William E. Jones, Stéphane Mallarmé’s «Un coup de dés jamais n’abolira le hasard» Automatically Illustrated, 2009. C-prints in 12 parts: Page 0,  14 1/5 x 10 4/5 inches (36.1 x 27.4 cm); page 1 & 2, 14 1/5 x 19 1/5 inches (36.1 x 48.8 cm);  page 3–11, 14 1/5 x 35 9/10 inches (36.1 x 101.3 cm). Edition 2 of 3.

Press Release

Photography has a familiar relationship to chance operations, happy accidents, rewarded risks and unexpected discoveries. No such serendipity applies to the sensation of cruel accident and historical derailment ever more widely shared now. And yet both occur, even together, even often. Two titles here suggested this start: A Throw of the Dice and Museum of Chance

Another recurring theme of photography is the desiring gaze. It can be amorous, it can be rapacious. Before we had even begun to work on our show in earnest, Dayanita Singh posted an encouraging signal in the form of an excerpt from Hervé Guibert’s collection of essays, Ghost Image. Guibert is musing on the difference between the stance required of a Nikon, for instance (upright, potentially confrontational) versus a Hasselblad (bowing over). Guibert’s observations on this difference, so germane to our project, merit quoting at length:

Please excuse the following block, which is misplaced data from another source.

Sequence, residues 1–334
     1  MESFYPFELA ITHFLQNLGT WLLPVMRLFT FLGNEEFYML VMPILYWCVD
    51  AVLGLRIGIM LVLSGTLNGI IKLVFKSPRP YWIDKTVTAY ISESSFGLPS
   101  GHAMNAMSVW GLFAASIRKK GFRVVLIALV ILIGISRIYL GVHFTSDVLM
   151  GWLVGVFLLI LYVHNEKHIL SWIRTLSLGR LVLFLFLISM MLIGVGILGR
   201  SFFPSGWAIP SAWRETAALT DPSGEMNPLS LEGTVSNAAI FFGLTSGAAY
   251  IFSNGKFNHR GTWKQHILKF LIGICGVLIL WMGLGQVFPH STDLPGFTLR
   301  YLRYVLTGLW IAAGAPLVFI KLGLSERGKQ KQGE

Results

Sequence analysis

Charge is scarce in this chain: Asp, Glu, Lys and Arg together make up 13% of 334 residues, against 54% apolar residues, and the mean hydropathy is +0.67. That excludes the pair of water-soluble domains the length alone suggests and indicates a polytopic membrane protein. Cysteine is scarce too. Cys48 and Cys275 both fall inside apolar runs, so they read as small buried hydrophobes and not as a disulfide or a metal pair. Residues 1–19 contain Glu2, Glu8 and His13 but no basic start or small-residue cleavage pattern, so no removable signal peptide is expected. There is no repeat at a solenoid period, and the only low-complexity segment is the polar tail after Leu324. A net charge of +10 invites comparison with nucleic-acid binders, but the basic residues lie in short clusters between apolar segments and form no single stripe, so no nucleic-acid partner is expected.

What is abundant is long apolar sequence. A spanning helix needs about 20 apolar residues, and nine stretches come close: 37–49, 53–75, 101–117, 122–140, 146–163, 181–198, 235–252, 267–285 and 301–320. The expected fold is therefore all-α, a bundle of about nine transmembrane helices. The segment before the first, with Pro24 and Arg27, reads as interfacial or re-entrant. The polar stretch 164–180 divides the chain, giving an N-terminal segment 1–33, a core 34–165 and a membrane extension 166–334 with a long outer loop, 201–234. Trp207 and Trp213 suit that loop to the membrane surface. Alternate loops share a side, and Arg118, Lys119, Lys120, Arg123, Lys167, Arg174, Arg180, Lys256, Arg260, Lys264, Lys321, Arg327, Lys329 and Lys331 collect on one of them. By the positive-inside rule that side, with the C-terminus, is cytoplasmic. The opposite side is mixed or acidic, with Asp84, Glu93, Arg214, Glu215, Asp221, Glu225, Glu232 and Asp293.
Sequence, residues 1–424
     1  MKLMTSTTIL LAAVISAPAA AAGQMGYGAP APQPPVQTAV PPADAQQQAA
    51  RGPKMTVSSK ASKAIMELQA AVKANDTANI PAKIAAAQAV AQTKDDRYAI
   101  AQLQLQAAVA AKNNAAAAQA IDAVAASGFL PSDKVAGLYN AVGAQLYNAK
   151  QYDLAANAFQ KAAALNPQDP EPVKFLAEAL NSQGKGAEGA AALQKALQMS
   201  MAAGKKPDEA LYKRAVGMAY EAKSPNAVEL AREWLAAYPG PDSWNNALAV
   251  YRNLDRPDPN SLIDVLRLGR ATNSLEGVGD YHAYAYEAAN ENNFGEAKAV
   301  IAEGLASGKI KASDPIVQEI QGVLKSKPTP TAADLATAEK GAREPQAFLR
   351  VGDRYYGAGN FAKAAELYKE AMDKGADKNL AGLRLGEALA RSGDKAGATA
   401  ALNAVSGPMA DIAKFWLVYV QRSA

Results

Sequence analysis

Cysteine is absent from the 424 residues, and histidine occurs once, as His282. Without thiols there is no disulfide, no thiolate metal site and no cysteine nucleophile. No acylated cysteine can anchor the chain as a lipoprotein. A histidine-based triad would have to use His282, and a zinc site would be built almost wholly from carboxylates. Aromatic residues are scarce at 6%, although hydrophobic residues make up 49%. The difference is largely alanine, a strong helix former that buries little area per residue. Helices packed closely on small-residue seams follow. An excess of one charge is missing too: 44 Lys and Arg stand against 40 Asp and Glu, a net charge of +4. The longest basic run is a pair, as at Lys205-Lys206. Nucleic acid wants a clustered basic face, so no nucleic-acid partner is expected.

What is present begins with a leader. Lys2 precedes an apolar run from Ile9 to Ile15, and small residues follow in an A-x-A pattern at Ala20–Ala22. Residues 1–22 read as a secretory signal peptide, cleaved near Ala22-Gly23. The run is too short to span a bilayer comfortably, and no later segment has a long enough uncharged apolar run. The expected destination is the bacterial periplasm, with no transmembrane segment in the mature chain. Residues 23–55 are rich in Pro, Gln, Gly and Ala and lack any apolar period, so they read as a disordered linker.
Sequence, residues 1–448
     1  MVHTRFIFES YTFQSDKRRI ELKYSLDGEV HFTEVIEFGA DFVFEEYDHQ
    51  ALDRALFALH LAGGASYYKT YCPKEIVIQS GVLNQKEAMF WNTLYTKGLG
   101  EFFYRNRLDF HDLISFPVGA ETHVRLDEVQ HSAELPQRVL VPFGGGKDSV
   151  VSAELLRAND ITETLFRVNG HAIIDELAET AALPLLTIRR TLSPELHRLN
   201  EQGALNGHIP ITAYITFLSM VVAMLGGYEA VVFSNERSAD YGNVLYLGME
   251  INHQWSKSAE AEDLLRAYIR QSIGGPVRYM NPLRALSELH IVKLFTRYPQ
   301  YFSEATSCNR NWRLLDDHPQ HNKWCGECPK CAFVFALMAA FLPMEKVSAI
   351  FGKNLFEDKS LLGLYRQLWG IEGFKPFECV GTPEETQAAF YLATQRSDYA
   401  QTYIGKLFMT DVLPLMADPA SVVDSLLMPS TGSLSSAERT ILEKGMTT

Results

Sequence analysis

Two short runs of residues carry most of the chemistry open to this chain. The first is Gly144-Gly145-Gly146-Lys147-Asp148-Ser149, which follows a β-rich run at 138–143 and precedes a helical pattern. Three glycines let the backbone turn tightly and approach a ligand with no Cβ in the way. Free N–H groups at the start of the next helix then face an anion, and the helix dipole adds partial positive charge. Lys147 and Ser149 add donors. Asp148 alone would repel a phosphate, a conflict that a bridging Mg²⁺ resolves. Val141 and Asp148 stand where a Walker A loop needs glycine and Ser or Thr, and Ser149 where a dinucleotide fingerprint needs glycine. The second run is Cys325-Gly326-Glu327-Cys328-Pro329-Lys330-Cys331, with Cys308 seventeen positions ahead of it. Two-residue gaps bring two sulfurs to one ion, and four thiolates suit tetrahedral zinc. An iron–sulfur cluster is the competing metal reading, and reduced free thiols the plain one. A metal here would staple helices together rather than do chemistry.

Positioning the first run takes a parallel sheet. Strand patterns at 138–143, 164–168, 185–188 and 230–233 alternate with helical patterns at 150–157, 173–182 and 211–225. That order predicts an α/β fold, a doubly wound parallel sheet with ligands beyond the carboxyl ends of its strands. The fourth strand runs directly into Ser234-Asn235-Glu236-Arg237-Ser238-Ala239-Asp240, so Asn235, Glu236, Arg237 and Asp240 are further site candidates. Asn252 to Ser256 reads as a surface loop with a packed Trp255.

T. brought my attention to the fact that in posing for B.F. who works with a Hasselblad, he felt that the photographer’s gaze was less coercive, because of the deflection involved in the use of the 2 ¼ by 2 ¼ camera, where the photographer looks down with his head bent over the viewfinder in an attitude similar to contemplation (or even prayer). His gaze ricochets off a series of mirrors toward his model; a form of desire has replaced the predatory nature, the directional brutality of the 35 millimeter camera. T. compares this gaze to the equally deflected gaze that is passed from one window to another in the subway for example – when cruising someone. Filtered through its reflection, the gaze loses some of its brutality, gains in impunity… 

Books may be the natural habitat of photography, and many of the works on display speak from that ecology. But an exhibition offers a localized sociality of images, hovering from the work-a-day purpose photos can have in recognizing our own circumstances, to extraordinary perceptions. Compassionate Protocols borrows its title from another book by Guibert, The Compassion Protocol, an end of life account where Guibert is unequivocal about creative work as life-force and final witness, while dispassionately inventorying his physical decay and the search for care.

This is the second exhibition we have curated at Callicoon Fine Arts under the sign of Guibert, this time with works by Chris Curreri, Pradeep Dalal, Moyra Davey, Bracha L. Ettinger, Hadi Fallahpisheh, Alair Gomes, Hervé Guibert, William E. Jones, Catherine Lord, Ulrike Müller, Paul Mpagi Sepuya, Jason Simon, Dayanita Singh.

- Moyra Davey & Jason Simon

For additional information contact Photi Giovanis at, or call 212-219-0326.

Callicoon Fine Arts is located at 49 Delancey Street between Forsyth and Eldridge Streets. Gallery hours are Wednesday to Sunday, 10am to 6pm.